The Fulton Chair supports causes and programs that uphold and strengthen the family unit. Mary Lou was particularly sensitive to helping others remain free of addictive substances or crippling afflictions that limit their possibilities in life. She understood the importance of preparing future families for success by educating youth about principles that foster strong, eternal family relationships. The Mary Lou Fulton Chair in the College of Family, Home, and Social Sciences stands as a tribute to her life of service, to high values, and to family.
The Marjorie Pay Hinckley Endowed Chair in Social Work and the Social Sciences honors Sister Hinckley's commitment to strengthening home and family. The Chair enriches the educational and professional lives of students and faculty in the College of Family Home and Social Sciences as they strive to alleviate problems faced by individuals and families worldwide.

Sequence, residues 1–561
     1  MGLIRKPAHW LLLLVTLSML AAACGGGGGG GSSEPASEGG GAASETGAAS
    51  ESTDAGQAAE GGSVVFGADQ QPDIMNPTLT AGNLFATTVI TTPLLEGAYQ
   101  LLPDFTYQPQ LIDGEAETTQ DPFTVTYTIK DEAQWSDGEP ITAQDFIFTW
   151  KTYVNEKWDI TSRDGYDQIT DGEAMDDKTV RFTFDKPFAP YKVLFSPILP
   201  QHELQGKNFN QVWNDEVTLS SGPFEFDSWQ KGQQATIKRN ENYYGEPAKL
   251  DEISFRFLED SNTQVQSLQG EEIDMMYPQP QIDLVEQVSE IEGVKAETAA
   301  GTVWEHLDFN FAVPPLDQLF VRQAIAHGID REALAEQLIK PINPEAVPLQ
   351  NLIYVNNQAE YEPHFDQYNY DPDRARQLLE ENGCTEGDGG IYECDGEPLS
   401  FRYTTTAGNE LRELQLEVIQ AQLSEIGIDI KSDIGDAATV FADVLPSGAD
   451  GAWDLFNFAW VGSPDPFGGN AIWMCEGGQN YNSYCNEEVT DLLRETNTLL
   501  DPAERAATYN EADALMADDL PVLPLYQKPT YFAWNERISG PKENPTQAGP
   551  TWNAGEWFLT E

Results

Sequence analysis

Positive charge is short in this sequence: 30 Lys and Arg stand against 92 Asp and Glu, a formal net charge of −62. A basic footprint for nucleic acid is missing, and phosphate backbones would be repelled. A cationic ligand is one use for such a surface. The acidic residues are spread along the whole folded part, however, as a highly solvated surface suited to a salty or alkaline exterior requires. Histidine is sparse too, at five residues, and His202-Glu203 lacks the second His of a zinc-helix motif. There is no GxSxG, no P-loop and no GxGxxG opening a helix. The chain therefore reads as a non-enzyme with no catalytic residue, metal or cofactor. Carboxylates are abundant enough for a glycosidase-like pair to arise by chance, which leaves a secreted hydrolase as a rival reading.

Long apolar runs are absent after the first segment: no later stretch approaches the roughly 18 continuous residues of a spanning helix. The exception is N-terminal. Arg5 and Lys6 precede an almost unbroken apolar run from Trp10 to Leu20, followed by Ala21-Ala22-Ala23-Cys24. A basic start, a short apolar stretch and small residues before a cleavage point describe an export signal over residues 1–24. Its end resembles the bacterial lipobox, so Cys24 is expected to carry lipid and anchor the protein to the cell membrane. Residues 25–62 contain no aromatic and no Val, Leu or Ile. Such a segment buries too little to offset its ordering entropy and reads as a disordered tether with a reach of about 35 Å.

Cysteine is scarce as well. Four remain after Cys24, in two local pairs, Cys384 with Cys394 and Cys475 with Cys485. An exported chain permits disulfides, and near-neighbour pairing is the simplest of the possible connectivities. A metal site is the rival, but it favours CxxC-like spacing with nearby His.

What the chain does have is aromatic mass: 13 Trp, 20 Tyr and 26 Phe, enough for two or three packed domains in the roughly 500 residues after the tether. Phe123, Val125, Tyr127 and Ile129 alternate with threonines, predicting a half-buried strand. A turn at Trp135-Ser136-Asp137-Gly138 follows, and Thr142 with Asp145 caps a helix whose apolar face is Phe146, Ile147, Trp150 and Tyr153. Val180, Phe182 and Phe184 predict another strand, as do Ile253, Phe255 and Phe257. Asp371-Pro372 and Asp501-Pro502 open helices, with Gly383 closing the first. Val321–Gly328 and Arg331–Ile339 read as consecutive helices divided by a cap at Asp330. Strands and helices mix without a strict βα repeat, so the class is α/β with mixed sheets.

The purposes of the Camilla Eyring Kimball Chair are to support professorships for faculty in the College of Family, Home, and Social Sciences who have made distinguished professional contributions to strengthen home and family. Visiting scholars who come to BYU to share their expertise regarding home and family to faculty, students, and the community. Research and scholarship at BYU with a home and family focus.
The Lemuel Hardison Redd, Jr. Chair in Western American history was established in 1972 by Charles and Annaley Redd, prominent Utah ranchers and philanthropists, to promote and honor research, publication and teaching in western American history. The chair was named in honor of the father of Charlie Redd, who settled and developed Latter-day Saint communities in the slickrock desert of southeastern Utah and established a sprawling livestock empire.